Introduction: Spinal canal expansion via open-door-laminoplasty (ODL) is an alternative to multilevel cervical laminectomy with or without instrumented fusion. Techniques for creating and maintaining increased sagittal-cervical-canal-diameter contribute significantly to patient outcome. The purpose of this study is to present operative nuances of an ODL technique utilized at our institution. Our investigation provides insight to long-term outcomes related to the degree of spinal canal expansion and techniques that help maintain stable canal dimensions.
Methods: We performed a retrospective cohort study of patients undergoing a refined ODL technique(2006-2013). Preoperative and postoperative spinal canal dimensions were measured at each cervical level. Long-term clinical outcomes were assessed using Nurick myelopathy classification and neck disability index. Surgical nuances include the use of a B1 drill bit and footplate on the “open-door” side, to make a full thickness groove through bone and ligamentum flavum in a single maneuver. Titanium mini-plates are bent at ~110-degree-angles at each end (Z-shape), and secured to connect the lamina and facet, stabilizing posterior elements with canal expansion.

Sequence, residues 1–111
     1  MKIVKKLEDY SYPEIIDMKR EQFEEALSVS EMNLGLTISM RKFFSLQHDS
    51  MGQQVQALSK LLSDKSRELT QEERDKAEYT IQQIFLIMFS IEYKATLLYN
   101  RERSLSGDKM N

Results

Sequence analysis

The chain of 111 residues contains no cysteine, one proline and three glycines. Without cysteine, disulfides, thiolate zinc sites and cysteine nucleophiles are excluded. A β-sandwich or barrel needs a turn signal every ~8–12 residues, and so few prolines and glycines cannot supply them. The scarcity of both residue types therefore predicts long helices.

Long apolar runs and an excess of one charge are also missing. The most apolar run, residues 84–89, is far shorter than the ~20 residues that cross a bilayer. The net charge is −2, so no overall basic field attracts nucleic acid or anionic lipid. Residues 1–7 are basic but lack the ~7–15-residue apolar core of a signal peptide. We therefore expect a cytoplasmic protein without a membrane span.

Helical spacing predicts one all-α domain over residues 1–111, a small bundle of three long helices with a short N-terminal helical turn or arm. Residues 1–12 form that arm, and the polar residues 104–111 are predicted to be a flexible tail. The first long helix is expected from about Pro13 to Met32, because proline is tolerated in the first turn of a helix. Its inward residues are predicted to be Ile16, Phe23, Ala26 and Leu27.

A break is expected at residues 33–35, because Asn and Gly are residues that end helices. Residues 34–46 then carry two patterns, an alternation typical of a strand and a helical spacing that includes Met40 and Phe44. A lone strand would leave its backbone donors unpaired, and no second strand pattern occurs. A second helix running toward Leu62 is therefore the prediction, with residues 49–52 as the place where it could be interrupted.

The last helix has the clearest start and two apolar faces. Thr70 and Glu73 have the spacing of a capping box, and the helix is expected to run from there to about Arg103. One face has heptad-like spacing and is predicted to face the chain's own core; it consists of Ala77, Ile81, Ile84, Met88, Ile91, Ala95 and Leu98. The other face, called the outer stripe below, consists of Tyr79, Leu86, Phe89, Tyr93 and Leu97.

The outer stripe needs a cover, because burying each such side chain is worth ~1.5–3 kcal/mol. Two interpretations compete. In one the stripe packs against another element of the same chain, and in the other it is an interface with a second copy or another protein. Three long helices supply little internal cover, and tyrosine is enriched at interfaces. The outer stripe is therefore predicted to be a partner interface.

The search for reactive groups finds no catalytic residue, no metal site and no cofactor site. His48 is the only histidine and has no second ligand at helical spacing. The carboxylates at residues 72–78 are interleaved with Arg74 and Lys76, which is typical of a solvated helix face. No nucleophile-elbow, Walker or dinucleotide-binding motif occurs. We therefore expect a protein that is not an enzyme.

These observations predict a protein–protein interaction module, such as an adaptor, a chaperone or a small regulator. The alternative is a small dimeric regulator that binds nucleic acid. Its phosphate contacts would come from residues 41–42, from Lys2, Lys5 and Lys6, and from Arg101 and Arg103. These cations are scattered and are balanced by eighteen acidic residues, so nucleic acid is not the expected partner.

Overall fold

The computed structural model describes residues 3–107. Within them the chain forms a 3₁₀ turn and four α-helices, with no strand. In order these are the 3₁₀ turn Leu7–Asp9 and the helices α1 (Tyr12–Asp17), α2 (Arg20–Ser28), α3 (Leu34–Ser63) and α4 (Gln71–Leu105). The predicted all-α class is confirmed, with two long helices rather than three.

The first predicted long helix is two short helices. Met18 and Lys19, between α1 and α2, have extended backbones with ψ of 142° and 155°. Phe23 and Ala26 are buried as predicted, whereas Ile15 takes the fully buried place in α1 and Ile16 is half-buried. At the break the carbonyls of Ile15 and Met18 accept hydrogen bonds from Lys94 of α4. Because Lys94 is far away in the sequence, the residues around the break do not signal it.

Results: All patients treated with this technique had multilevel cervical canal stenosis secondary to spondylosis or ossified posterior longitudinal ligament (OPLL). Mean follow-up was 34-months. There was 1 single-segment, 9 three-segment, 17 four-segment, and 1 five-segment case. Average sagittal-canal-diameter was increased by 30-50% at each surgical level. Postoperatively, all patients experienced clinical improvement long-term; however, OPLL patients had more acute improvements in clinical condition than cervical spondylosis patients. No patients required re-operation, or experienced restenosis of the canal, re-closure of the lamina, or failure of mini-plate constructs.
Conclusions: Canal expansion is maximized with the use of the B1 drill bit and footplate by minimizing bone loss, thereby augmenting the canal perimeter created with the use of mini-plates. Use of titanium mini-plates stabilizes posterior elements and maintains dimensions of the decompressed spinal canal long-term.
Patient Care: Our research provides nuances of operative techniques in cervical laminoplasty that contribute to decreasing overall operative or procedure time and thereby overall blood loss. These techniques also prevent the need for re-operation by more effectively preventing restenosis of the cervical canal or re-closure of the lamina.
Learning Objectives: • To understand operative nuances of cervical laminoplasty
• To consider techniques of cervical canal expansion and its role in the long-term outcomes of patients undergoing cervical laminoplasty
• To be able to identify patients whose cervical pathology can best be treated with the described cervical laminoplasty techniques